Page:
The Supreme Court announced on January 17 it will hear a case regarding employers’ ability to limit access to free birth control under the Affordable Care Act. This marks the third instance the Court has looked at a case regarding applicability of the contraception mandate, but the first time with conservative Justices Neil Gorsuch and Brett Kavanaugh both on the bench.
The Supreme Court announced on January 17 it will hear a case regarding employers’ ability to limit access to free birth control under the Affordable Care Act (ACA). This marks the third instance the Court has looked at a case regarding applicability of the contraception mandate, but the first time with conservative Justices Neil Gorsuch and Brett Kavanaugh both on the bench, Kaiser Health News reports.
According to Politico, Justices Gorsuch and Kavanaugh considered cases similar to this while appellate court judges and “both showed sympathy for religious groups seeking exemptions from the requirement on moral grounds.”
During the Obama administration, 2 cases were brought to court regarding claims made by religious groups who refused to comply with regulations requiring contraceptive coverage. Now the question put forth is whether any employers with religious or moral objections to contraception can opt out of the coverage requirement under the current administration, according to the New York Times.
The ACA, signed into law in 2010, requires coverage of preventive health services for women. In 2011, the Obama administration required both employers and insurers to completely cover all costs incurred by women for FDA-approved methods of contraception. This revision excluded houses of worship, such as churches, temples, and mosques, but included any nonprofit group affiliated with religious organizations like schools and hospitals, the New York Times reported.
Ensuring employers’ discretion to withhold contraceptive care coverage on moral or religious grounds was one of President Trump’s key campaign talking points. This most recent case comes after the attorneys general of Pennsylvania and New Jersey challenged the Trump administration’s 2017 expansion of exemptions to the coverage mandate.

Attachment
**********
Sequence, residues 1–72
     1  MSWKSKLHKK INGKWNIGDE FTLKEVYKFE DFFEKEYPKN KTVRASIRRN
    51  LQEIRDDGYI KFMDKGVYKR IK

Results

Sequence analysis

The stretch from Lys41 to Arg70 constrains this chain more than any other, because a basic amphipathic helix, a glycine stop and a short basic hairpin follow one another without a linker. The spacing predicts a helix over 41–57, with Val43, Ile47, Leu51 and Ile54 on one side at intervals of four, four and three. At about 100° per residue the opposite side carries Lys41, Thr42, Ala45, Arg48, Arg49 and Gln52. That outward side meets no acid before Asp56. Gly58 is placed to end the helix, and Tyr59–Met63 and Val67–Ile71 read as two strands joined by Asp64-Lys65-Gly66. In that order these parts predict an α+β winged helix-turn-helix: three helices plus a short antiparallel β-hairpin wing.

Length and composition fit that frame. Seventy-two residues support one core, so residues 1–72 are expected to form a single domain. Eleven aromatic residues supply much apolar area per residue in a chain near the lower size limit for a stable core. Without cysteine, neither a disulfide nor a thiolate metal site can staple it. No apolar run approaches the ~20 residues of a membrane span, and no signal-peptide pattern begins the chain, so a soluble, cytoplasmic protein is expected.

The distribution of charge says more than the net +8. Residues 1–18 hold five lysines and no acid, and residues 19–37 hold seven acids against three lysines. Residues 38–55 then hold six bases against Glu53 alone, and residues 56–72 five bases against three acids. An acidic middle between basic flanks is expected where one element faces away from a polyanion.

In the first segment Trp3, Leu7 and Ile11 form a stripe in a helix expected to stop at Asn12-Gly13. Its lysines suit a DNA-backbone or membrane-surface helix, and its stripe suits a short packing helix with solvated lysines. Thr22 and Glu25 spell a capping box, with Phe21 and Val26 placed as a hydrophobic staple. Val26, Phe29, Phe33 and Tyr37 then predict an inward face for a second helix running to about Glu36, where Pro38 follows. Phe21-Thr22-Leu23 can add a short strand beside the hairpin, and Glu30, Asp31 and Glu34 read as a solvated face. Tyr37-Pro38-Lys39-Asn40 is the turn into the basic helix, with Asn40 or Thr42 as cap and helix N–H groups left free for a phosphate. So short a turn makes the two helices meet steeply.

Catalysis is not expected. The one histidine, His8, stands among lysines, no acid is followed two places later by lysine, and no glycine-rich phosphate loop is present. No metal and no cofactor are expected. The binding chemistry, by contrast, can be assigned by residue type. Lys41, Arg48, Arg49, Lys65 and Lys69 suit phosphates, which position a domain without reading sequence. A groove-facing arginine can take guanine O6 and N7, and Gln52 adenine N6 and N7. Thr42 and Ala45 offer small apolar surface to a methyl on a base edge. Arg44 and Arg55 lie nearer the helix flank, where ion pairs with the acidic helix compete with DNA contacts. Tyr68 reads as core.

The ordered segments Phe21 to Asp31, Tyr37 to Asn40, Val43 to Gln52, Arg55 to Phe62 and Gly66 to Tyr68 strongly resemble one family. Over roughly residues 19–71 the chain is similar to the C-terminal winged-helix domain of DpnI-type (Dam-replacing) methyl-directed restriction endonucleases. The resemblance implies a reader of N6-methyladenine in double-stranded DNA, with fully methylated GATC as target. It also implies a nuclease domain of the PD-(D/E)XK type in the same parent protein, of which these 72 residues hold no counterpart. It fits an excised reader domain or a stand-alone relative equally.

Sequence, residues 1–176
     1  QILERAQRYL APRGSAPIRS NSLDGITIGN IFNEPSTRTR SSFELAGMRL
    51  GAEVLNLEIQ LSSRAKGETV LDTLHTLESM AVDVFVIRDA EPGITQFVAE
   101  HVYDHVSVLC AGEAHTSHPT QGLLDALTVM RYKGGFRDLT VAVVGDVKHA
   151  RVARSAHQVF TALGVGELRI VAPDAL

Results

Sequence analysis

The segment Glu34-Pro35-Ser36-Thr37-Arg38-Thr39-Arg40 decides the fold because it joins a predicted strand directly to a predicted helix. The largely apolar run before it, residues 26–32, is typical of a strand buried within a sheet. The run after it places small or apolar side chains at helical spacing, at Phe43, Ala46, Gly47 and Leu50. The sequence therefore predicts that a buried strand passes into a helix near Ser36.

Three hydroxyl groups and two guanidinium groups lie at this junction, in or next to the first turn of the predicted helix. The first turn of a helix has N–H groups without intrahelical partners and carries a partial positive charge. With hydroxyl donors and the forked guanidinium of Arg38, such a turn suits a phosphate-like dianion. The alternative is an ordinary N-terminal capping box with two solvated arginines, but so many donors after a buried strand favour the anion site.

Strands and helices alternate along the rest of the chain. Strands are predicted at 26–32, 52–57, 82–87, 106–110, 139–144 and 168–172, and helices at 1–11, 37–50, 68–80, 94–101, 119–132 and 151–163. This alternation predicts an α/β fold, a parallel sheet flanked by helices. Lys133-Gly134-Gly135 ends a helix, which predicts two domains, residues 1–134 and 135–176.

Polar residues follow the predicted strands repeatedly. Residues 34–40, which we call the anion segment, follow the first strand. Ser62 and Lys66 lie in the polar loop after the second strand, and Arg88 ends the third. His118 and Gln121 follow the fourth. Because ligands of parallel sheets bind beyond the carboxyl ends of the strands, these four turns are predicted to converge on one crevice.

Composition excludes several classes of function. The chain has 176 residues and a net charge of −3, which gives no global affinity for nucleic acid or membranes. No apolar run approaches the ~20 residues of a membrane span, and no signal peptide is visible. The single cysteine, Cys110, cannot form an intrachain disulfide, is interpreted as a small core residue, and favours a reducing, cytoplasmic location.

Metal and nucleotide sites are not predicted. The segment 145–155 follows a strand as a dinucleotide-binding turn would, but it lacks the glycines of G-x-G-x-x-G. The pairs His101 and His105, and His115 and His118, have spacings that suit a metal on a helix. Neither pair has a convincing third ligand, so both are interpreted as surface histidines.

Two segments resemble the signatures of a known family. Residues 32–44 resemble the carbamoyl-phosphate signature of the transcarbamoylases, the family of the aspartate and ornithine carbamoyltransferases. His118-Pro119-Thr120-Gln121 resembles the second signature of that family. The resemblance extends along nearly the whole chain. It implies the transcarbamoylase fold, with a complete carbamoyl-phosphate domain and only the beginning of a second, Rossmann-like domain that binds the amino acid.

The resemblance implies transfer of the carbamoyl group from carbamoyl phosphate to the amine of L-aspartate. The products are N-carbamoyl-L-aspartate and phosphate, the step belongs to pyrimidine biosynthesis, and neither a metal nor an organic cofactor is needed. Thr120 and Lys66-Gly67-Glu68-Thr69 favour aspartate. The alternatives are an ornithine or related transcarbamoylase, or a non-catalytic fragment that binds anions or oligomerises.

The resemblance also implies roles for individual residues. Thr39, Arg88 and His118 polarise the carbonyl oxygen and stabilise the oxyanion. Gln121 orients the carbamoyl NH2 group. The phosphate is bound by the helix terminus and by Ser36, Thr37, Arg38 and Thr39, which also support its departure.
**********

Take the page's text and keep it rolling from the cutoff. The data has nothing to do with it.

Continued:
The two states argued the administration’s changes in coverage rules “could saddle their states with the cost of dealing with thousands of unplanned pregnancies and as many as 127,000 women losing access to no-cost contraception,” according to The Philadelphia Inquirer. A Philadelphia federal judge blocked the administration’s rules in 2019 and the 2 states won a “nationwide injunction temporarily blocking the rules,” NPR reported.
In the past, the Court has been sympathetic to employers’ religious exemptions. In 2014, the Supreme Court took up the case of Burwell v Hobby Lobby Stores and ultimately ruled that requiring family-owned businesses to pay for insurance coverage for contraception violated the Religious Freedom Restoration Act of 1993. The Trump administration invoked the same act in its objection to the injunction.
Responding to the Supreme Court’s decision to hear the case, Josh Shapiro, the Pennsylvania attorney general, said, “Two federal courts have blocked the Trump administration's rules because they would allow virtually any employer to deny women access to contraception for any reason—including the belief that women should not be in the workforce,” according to NPR.
An attorney with the religious liberty group, the Alliance Defending Freedom, Kristen Waggoner, said of the case, “They're not interfering [with employees’ choices]. This is about whether a person can run their business in a way that’s consistent with their beliefs.…It’s about the right of all religious organizations and people of faith.”
This announcement comes as the landmark Supreme Court decision in Roe v Wade, ensuring a woman’s right to abortion, marks its 47th anniversary on January 22.
In March the Supreme Court will also hear its first abortion case with Justice Kavanaugh on the bench. June Medical Services v Gee challenges whether a Louisiana law requiring any physician who performs an abortion to have admitting privileges at a local hospital conflicts with a 2016 precedent set in Whole Woman’s Health v Hellerstedt.
In 2018 Kavanaugh replaced Justice Anthony Kennedy, who historically was a swing vote on abortion cases, according to Kaiser Health News. More than 200 Republican members of the House and Senate filed a brief on January 2, urging justices to use Gee to overturn Roe.
“The Louisiana case is the first chance for what would appear to be a clear five-vote anti-abortion majority to rule,” the article said.